Crackdown after spray complaints
Waikato Regional Council has vowed to crack down on the application of agrichemicals after it received complaints of spray drift damaging part of a vineyard and contaminating tank water supplies.
The council has received 19 complaints about agrichemical spray drift over recent months and has warned people that careless use could result in prosecution, imprisonment or a fine of hundreds of thousands of dollars.
Among the complaints were reports of a person and dog becoming sick and damage to a recently planted wetland.
The council's incident response manager Derek Hartley said one of the main problems was that sprayers were not notifying their neighbours.
"This means people don't know what is being sprayed and can't take steps to avoid contact with the spray, like disconnecting rainwater systems, avoiding hanging out washing or going out on the day spraying occurs."
In at least one case, spray drift from a property affected a nearby business.
The owner of a Waikato vineyard, who wished to remain anonymous, said between 5 to 10 per cent of his vines were showing symptoms of spray damage.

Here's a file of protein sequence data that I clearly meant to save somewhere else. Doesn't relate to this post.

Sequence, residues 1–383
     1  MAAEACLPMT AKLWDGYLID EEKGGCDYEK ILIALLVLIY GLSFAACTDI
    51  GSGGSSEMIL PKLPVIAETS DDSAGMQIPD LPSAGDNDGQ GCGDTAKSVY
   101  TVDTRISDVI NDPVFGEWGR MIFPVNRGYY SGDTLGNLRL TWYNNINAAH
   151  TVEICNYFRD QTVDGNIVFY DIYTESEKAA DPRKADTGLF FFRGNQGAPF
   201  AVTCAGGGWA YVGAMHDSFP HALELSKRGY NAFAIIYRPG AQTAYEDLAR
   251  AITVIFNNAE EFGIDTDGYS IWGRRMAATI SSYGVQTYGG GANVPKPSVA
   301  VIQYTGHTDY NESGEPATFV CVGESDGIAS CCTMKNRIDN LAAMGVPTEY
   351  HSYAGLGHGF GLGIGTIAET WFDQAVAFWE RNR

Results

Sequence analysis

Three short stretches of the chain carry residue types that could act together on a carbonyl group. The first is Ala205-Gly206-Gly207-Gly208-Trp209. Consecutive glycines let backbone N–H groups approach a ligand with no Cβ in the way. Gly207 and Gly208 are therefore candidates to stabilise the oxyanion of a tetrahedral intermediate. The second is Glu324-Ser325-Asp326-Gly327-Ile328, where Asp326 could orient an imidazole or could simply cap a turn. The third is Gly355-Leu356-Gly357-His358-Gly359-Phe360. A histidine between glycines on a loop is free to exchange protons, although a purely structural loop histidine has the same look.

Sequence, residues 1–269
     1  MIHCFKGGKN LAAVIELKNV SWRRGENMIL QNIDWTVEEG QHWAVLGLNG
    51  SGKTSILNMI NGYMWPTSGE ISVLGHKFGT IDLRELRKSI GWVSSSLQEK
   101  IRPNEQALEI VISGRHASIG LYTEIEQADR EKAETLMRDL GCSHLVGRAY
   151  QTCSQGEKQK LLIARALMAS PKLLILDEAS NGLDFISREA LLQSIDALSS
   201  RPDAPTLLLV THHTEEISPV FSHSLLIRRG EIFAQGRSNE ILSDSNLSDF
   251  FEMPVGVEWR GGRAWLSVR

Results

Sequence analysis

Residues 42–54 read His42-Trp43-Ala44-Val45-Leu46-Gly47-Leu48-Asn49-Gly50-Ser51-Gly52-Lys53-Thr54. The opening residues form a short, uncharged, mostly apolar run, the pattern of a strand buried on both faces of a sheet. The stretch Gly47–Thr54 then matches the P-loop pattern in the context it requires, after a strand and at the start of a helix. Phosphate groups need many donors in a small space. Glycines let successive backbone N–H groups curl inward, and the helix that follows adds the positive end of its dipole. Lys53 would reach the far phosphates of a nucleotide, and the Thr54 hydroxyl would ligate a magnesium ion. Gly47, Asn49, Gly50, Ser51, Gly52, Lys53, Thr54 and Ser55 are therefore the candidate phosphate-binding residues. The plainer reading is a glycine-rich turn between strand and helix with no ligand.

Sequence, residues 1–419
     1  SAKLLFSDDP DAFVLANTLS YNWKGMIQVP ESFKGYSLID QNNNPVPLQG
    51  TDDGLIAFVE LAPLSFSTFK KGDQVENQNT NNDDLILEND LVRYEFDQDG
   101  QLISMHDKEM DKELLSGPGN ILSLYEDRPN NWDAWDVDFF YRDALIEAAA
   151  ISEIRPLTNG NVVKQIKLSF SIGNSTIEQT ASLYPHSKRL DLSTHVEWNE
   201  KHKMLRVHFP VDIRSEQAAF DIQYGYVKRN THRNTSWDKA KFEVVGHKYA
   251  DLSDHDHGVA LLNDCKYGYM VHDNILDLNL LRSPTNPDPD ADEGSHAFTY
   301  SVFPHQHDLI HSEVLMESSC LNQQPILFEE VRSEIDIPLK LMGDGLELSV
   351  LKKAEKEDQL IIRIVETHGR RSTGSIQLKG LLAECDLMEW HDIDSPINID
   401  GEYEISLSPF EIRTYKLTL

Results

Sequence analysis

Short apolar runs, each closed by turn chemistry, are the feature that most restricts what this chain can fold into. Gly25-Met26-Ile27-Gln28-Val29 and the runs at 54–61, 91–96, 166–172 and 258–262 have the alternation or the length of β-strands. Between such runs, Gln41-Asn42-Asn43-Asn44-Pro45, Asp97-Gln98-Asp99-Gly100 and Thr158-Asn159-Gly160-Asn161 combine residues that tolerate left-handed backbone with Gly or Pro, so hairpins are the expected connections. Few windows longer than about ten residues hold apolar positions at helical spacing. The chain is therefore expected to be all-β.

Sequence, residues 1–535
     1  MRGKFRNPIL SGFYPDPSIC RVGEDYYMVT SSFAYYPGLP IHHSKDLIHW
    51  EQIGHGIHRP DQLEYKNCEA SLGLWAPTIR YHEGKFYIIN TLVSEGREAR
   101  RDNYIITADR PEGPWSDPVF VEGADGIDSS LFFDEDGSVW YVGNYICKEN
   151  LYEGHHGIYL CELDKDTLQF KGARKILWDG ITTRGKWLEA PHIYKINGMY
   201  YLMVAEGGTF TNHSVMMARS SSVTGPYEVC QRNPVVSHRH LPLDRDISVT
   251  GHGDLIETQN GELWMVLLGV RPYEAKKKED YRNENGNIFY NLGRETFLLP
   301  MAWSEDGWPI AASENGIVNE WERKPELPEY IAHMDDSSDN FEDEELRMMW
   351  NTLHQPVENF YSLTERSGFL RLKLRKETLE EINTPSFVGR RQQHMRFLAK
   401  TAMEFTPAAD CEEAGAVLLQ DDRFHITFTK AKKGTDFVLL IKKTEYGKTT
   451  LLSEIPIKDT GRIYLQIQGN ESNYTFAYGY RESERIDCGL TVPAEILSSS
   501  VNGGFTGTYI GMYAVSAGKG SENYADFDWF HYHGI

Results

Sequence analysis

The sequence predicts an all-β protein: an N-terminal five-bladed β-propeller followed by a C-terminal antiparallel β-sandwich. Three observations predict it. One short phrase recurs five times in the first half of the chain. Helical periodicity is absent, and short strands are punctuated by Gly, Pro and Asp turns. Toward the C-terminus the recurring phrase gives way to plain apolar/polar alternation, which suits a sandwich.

"The leaves on the vines curl up and the new growth gets stunted," he said.
The spray has affected both his pinot noir and pinot gris varieties, but the extent of damage would not be known until late summer, he said.
"These sprays can travel up to several kilometres [but] it is extremely difficult to pin down what exactly happened."
The owner said the issue needed to be kept alive in people's minds and the council needed to better educate people.
The volume of complaints has prompted the regional council to remind people undertaking any spraying beyond the use of low-pressure hand held equipment of their responsibilities. That includes having a spray control plan in place and informing neighbours.
Failure to follow the rules has a maximum penalty of two years' imprisonment and/or a fine of up to $300,000 for an individual and up to $600,000 for a company.
Mr Hartley said although it was not always easy to substantiate complaints, they were concerning.
"We'd ask people to stick to the rules to avoid affecting other people's health and lifestyle, and to avoid harming waterways, and non-target plants and animals."
Meanwhile, a spill of up to 3000 litres of weed killer into the Taiari stream earlier this month will not have any significant or lasting affect on the environment.
The spill happened after a truck veered off Waihi's Waitawheta Rd, and down a bank towards the stream.
Mr Hartley said water samples taken from the stream detected herbicide glyphosate, but there has been no sign of "acute ecological effects".